I like how extremely topical the moral dilemmas are - everyone for themselves vs. in-groups for themselves vs. everyone together - and how the book makes it clear that applies not just to the school but to the outside world, and how it constantly works through the game theory calculations. I loved the moment where the enclave kid was like "you do realize we're not doing this, right?" The Chekhov's karma bit was a little predictable but still.

I'm kind of curious whether Novik will puncture the cliffhanger in the next book as quickly as she did in this one ("Eh, my mother wrote a warning, but that's not useful information").

* Jennifer Crusie's blog - it turns out she's a huge Murderbot/Scholomance/Rivers of London addict/nerd, which I think is pretty hilarious
posted by trig at 11:16 PM on October 4 [1 favorite]


On reflection I'm probably a weird reader in that this didn't feel like that much of a cliffhanger at all. It could be because I'm less invested in Orion and his potential future with El. She's going to go off and take on the injustice of the enclave system no matter what, with or without him. So she'll be assuming he never makes it out of the school, and if he pops up later? Okay, she'll deal with it when it happens. Book two of a trilogy always ends with some weird détente with dangling questions left for the final one anyway; the only difference with this one is that the action ended very abruptly.

I'm actually more miffed that we didn't get to see El's reunion with her mom yet, but a cathartic and mixed-feelings-y scene like that will be a good opener for the next one, so I'm not super mad at it.
posted by j.r at 10:15 AM on October 5 [3 favorites]


I dunno. After this book, I don't know if Orion and El have a future. El does, if she can keep her newfound perspective, but I agree that Orion is an addict and one that, because of the world he lives in, has really no future beyond death. El deserves better, and this book doesn't give us any reason to think Orion can provide that.
posted by GenjiandProust at 4:19 PM on October 5 [1 favorite]


I really enjoyed the book and trust the author to bring a good third (soon, please).

While I did like the Temeraire books a lot, I found the characters a little stilted (due to English stuffiness). This series is a much freer narrative style.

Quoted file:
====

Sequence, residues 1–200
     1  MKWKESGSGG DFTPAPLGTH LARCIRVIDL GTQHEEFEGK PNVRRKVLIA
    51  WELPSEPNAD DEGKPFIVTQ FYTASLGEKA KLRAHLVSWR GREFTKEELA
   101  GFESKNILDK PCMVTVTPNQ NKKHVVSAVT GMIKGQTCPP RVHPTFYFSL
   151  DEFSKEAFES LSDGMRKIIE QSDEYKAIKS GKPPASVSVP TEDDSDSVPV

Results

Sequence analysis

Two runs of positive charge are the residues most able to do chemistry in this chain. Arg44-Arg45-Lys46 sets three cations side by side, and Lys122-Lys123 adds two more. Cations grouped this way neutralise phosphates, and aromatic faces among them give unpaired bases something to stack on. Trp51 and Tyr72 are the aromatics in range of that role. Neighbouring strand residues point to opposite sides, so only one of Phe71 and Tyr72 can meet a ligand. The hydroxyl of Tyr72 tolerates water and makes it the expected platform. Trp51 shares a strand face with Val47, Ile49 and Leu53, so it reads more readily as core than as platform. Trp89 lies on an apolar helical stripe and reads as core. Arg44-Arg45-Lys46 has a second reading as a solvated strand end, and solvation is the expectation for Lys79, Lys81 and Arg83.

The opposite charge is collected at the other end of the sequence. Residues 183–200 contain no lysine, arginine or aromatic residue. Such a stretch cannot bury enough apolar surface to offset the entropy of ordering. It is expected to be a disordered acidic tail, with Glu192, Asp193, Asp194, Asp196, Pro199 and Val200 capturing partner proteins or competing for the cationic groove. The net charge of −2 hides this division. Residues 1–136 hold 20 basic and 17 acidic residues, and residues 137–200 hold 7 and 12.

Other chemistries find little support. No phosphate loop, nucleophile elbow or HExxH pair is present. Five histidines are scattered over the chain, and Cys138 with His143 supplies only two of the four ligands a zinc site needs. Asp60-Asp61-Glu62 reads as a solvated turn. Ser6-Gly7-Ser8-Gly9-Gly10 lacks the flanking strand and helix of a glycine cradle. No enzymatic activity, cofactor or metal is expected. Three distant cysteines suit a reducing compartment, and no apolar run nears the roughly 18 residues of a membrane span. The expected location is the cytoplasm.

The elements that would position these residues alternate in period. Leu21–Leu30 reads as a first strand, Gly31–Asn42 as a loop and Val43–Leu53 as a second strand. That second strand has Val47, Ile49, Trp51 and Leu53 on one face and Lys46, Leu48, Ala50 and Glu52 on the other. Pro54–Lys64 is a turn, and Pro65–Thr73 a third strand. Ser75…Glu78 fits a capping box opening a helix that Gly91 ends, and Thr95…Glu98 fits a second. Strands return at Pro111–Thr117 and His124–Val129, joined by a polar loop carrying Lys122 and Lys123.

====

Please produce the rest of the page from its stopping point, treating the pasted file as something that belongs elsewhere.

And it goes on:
posted by Marticus at 4:28 PM on October 5 [1 favorite]


Just devoured both books this weekend and I loved them so much! I've been a fan of Naomi's fanfic for years, especially her recent Witcher and Transformers stories that deliver on the theme of competence porn in service of imagining a more just world. And this series has so much of that theme baked into it!

Next one comes out in 2022, it looks like, so not too long to wait.
posted by merriment at 10:07 AM on October 10


I was honestly surprised at the ending. Mostly that El hadn't put a yanker on Orion to grab him at the end. Surely she hadn't forgotten how hard it was to get his attention when they were fixing the machinery. I thought she would have known he might even get too distracted to leave, even if she hadn't thought that he would choose to stay for any reason.
If anyone can stay alive for the next year in that deathtrap, it's Orion. El left the last bit of her spell undone, because something would make the next bit happen somehow when she's gone. I'm curious if the school will prevent it from happening now that it still has a student to keep alive or if it has any idea that keeping all the kids of the world alive is more important. (Even if Orion survives, would the graduation gates open if it let a lot of mals out then?) I'm honestly a little annoyed that these are the questions I'm left with because what I really want to know is what Orion is at all-- is he a child formed in weird circumstances like El? (A child from the maleficers from the class before Gwen's, before they got tracked down, maybe? A child born in a group of maleficers would be quite a reaction to that to balance everything.) Is he something other than human? His talents with mals and troubles with mana don't seem like anything anyone else can do at all.